From Fuming to Praising: Twitter and the Green Reaction to Obama’s Selection of Salazar as Interior Secretary
[social_buttons]On Tuesday afternoon, as I was working on another piece about president-elect Barack Obama tapping Colorado Senator Ken Salazar for Interior Secretary—this time about how Salazar’s appointment to Interior won’t leave his successor much time to win over Colorado voters—I heard Jeff Brady report on National Public Radio that environmentalists were fuming over the Salazar appointment.
“Fuming?” I thought to myself, “maybe that’s a bit of a mischaracterization.” So, as I will often do, I decided to share my thoughts with the Twitterverse and sent out the following message on Twitter:
In Brady’s report (and in his defense) he cited an action last week, when more than 150 environmental groups signed a letter to Obama backing Arizona Congressman Raul Grijalva. But I still thought the instant assumption that “most environmentalists are fuming” was hasty. And then I got the following response from @HuffingtonPost/@COindependent:
To which I replied (and misspelled Grijalva):
Now, I follow @NPRPolitics on Twitter and I know they follow me back, but I really don’t know if they caught any of this exchange, but the next time I heard Brady’s report on NPR, he said something like “many environmentalists are fuming,” and the third time I heard the report it was something along the lines of “some environmentalists are fuming.”
So when I was pouring through my RSS feader this morning looking for all these fumes, they were few and far between (i.e thus far, non-existent). Instead, I found mainstream environmental groups showering praise, albeit measured, on the selection of Salazar.
Carl Pope of the Sierra Club wrote:
“The Sierra Club is very pleased with the nomination of Ken Salazar to head the Interior Department. As a Westerner and a rancher, he understands the value of our public lands, parks, and wildlife and has been a vocal critic of the Bush Administration’s reckless efforts to sell-off our public lands to Big Oil and other special interests. Senator Salazar has been a leader in protecting places like the Roan Plateau and he has stood up against the Bush’s administration’s dangerous rush to develop oil shale in Colorado and across the West.
“Senator Salazar has also been a leading voice in calling for the development of the West’s vast solar, wind, and geothermal resources. He will make sure that we create the good-paying green jobs that will fuel our economic recovery without harming the public lands he will be charged with protecting.
“Senator Salazar will inherit an agency that has suffered from a pervasive rot under the Bush administration due to widespread corruption, simple incompetence, and severe underfunding. We are confident that Senator Salazar will work with President-Elect Obama to undo the damage of the Bush years and chart a course that will allow this vast agency to return to its proud legacy of protecting our last wild places, wildlife, and vast natural resources.”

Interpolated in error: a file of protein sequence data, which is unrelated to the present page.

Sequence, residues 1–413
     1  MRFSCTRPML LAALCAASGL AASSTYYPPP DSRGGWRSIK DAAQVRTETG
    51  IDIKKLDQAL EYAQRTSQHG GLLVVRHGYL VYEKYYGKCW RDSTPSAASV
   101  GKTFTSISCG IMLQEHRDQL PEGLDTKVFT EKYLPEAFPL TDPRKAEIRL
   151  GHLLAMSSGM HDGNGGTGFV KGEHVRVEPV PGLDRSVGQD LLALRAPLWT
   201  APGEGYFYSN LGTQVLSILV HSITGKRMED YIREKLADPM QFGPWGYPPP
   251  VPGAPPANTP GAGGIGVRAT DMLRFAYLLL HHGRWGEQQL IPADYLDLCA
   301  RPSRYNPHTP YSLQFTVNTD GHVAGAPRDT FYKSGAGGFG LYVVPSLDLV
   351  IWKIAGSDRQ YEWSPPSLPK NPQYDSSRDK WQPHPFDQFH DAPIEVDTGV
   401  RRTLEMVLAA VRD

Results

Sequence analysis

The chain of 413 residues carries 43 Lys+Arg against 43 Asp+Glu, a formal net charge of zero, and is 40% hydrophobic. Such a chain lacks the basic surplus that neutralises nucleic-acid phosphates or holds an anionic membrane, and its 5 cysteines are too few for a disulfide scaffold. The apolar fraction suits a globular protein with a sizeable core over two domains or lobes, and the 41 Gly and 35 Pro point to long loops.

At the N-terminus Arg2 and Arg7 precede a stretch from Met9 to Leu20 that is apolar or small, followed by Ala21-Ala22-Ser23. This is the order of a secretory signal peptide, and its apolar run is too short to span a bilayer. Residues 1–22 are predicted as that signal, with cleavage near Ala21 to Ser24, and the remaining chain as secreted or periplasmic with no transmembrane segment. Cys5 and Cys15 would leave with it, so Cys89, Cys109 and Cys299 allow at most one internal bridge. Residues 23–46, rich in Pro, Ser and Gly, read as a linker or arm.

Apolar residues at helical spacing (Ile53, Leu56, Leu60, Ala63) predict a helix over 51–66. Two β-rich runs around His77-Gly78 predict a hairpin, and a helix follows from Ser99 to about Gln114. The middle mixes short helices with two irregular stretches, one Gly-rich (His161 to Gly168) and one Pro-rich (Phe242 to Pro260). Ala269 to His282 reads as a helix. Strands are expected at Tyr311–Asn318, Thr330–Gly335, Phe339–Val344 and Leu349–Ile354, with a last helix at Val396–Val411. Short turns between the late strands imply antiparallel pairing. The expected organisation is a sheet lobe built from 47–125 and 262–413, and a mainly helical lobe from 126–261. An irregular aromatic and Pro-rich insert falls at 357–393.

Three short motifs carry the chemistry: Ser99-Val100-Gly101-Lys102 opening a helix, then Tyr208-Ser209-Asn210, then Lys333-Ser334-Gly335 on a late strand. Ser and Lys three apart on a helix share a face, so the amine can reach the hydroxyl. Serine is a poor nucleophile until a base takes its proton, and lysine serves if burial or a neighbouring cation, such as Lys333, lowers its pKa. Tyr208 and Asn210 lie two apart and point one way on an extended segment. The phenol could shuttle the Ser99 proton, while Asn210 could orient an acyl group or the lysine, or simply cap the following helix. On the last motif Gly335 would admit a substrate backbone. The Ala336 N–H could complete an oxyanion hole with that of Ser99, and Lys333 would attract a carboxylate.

NRDC President Frances Bienecke wrote an excellent piece about the tough job ahead for Salazar and expressed why she has hope he is the right person
“Salazar’s own connection to the land gives me hope. Salazar is a fifth-generation Coloradan who grew up on a cattle and alfalfa ranch without running water or electricity. His home was is in the stunning San Luis Valley, where rich ranching and farming land is banked by the wild San Juan and Sangre de Cristo mountain ranges.
As a senator, Salazar supported his state’s efforts to limit the impacts to groundwater from the heavily polluting process of in-situ uranium mining and taken often lonely stands against oil shale. Still, the challenges before Salazar are great, and he will need to be a forceful leader for change.”
The New Republic‘s Bradford Plummer sharply pointed out that Salazar won’t be breaking the ‘iron triangle’ (read: old boys club) of backdoor administrative rulemaking:
Salazar, for his part, is a relatively green pick. He has an 81 percent lifetime score from the League of Conservation Voters, and has been critical of the Bush administration’s plans to expedite oil-shale drilling in Colorado and other Western states, on account of the environmental damage it would wreak. He’s reportedly close to Obama, which will bolster his effectiveness, as will his longstanding ties to the American West.
Pam Kiely of Environment Colorado was also pleased with the choice of Salazar, while recognizing his pragmatism:
“In Washington, Sen. Salazar fought to protect our nation’s treasures such as the Arctic National Wildlife Refuge. He’s championed wilderness for Dominguez Canyon, Browns Canyon, and Rocky Mountain National Park. Sen. Salazar has championed a cautious approach to oil shale to protect our public lands and water resources.”
While this certainly does not exhaust the universe of reactions to the Salazar appointment, it just goes to show you that: A) Environmentalists are not a homogeneous, and B) You can’t believe everything you hear — even on NPR.